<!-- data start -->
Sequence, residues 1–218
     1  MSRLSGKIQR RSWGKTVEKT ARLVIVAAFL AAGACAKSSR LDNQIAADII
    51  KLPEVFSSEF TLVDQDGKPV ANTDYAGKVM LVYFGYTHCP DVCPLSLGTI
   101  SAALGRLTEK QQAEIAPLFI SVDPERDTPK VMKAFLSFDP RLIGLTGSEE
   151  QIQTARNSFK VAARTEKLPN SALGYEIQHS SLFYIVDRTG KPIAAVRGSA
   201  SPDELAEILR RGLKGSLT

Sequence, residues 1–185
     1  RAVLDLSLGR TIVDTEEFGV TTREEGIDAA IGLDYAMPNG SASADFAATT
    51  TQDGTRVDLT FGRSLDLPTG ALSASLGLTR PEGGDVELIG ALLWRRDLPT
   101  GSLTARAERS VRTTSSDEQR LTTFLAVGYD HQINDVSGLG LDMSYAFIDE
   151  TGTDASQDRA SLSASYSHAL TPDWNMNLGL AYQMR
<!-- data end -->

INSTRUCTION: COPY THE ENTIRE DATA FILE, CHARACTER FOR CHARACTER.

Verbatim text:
Sequence, residues 1–218
     1  MSRLSGKIQR RSWGKTVEKT ARLVIVAAFL AAGACAKSSR LDNQIAADII
    51  KLPEVFSSEF TLVDQDGKPV ANTDYAGKVM LVYFGYTHCP DVCPLSLGTI
   101  SAALGRLTEK QQAEIAPLFI SVDPERDTPK VMKAFLSFDP RLIGLTGSEE
   151  QIQTARNSFK VAARTEKLPN SALGYEIQHS SLFYIVDRTG KPIAAVRGSA
   201  SPDELAEILR RGLKGSLT

Sequence, residues 1–185
     1  RAVLDLSLGR TIVDTEEFGV TTREEGIDAA IGLDYAMPNG SASADFAATT
    51  TQDGTRVDLT FGRSLDLPTG ALSASLGLTR PEGGDVELIG ALLWRRDLPT
   101  GSLTARAERS VRTTSSDEQR LTTFLAVGYD HQINDVSGLG LDMSYAFIDE
   151  TGTDASQDRA SLSASYSHAL TPDWNMNLGL AYQMR